The other town we visited was Belém, just a half hour outside Lisbon. It was from Belém that so many famous voyages were made during Portugal’s Age of Discovery. Think back to middle school history: Vasco da Gama, Prince Henry the Navigator, Ferdinand Magellan, Bartolomeu Dias. All those guys were Portuguese and many started their voyage here, and the town is certainly proud of that fact. There is a huge monument to the explorers, a gigantic maritime museum, and an enormous church and monastery in tribute/thanks to the explorers.

Jenny posing with an explorer at the HUGE maritime museum

Tomb of Vasco da Gama

Overall, Lisbon was a pretty solid city. After leaving there we went south to the Algarve region…

 
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Posted by on August 5, 2012 in Europe, Travel

 

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Back to School

Books

Course materials for the next few weeks. Mostly from the library.

This is a post by David.

Continued learning has always been incredibly important to me. Anyone who knows me is aware of my penchant for picking up random skills (Indian vegetarian cooking, anyone? rock climbing? Kettlebell strength training?). It must come from my mother, who certainly is a Jill-of-all-trades.

I just finished my most recent iPhone app for a client so now I have a few weeks off before we go to Europe. My only responsibility for the next month is to plan our next trip, and while that will be a lot of work, it should hardly fill my schedule (I hope).

So since I have a little free time, I decided to go back to school.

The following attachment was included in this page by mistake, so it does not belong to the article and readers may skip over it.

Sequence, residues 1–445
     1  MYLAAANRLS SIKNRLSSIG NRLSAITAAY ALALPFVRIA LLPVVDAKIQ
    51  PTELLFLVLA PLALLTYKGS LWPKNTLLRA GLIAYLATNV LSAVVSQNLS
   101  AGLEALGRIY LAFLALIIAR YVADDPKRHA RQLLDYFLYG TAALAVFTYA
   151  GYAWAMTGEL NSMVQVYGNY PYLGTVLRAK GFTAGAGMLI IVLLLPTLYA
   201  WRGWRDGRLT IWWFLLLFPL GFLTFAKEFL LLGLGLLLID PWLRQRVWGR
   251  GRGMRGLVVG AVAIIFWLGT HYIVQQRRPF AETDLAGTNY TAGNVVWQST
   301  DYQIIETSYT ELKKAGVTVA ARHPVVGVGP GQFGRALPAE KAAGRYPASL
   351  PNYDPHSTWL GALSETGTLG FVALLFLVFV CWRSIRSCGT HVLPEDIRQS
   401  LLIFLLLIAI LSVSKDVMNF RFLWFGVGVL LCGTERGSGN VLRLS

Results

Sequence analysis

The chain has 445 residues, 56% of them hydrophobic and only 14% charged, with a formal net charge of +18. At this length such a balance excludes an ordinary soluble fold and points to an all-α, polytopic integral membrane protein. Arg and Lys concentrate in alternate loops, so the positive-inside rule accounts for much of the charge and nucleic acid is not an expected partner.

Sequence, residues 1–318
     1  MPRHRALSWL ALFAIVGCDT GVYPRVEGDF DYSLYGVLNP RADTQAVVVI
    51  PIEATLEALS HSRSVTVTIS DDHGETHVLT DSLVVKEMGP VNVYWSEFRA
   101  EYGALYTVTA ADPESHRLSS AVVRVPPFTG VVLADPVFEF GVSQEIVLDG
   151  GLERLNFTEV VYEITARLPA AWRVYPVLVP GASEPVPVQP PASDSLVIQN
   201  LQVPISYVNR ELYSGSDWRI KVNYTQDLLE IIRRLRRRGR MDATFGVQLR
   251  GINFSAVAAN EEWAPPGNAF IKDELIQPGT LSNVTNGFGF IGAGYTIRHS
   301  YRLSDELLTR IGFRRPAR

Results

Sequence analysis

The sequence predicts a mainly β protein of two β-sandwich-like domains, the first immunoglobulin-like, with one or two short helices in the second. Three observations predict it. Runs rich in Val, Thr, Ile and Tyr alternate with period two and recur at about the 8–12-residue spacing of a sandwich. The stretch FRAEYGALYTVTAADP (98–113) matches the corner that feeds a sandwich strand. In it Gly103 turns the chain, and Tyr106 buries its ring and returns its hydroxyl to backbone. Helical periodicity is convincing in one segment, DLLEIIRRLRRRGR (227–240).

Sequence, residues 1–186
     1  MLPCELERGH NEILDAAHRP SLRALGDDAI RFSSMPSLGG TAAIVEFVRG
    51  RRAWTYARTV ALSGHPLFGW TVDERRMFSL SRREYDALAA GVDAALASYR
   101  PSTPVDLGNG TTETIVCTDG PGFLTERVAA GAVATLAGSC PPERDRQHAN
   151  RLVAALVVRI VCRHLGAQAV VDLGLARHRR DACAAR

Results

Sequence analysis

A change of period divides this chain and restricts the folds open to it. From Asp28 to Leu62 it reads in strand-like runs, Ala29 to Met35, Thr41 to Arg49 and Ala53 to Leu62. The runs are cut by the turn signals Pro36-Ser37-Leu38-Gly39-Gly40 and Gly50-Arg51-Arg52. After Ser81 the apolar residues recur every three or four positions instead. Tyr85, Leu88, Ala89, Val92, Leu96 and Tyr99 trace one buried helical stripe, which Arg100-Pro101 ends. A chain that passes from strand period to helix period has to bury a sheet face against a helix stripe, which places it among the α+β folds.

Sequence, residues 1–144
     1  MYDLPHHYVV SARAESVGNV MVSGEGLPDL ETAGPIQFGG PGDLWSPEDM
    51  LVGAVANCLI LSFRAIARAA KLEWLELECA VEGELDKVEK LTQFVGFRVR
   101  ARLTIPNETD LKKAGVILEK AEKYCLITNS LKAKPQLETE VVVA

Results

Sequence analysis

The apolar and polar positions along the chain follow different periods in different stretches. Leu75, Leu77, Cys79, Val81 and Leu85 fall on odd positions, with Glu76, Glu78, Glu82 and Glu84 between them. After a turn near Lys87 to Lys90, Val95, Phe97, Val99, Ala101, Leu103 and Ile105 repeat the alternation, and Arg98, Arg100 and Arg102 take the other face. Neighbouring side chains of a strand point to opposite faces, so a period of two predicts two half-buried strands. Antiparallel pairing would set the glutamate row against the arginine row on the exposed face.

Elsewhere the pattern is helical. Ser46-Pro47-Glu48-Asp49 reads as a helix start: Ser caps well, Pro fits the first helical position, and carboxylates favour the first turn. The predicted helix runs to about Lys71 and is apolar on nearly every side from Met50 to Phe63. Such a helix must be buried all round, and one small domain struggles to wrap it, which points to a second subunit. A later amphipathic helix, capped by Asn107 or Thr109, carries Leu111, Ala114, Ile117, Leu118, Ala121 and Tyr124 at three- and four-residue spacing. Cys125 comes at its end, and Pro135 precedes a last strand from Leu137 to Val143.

Now I doubt that any self-respecting university would let me through its doors, so I’ve designed my own curriculum based on the skills I want to learn and the time that I have before our trip. One thing that I liked about college was having a structure for learning and defined goals, so I’ve tried to recreate this by coming up with a class schedule for myself. It looks something like this:

  • 7:30-9:00 exercise, breakfast, shower
  • 9:00-9:50 Italian lessons
  • 10:00-10:50 trip planning
  • 11:00-11:50 new iOS features, 2D graphics
  • 12:00-1:00 lunch, go for a walk, check email
  • 1:00-5:00 work study
  • 5:00-10:00 (Monday and Wednesday) sailing, (Tuesday and Thursday) harmonica, dinner, study, homework

In addition to a schedule, I’ve sort of created a syllabus for each class. I tried to identify what I want to learn and how I plan on learning it:

Italian

I studied Italian in college and spent a few months in Venice, but I’ve hardly practiced the language since I graduated. First I’d like to go through the old material that I have and “reawaken” the things that I should already know.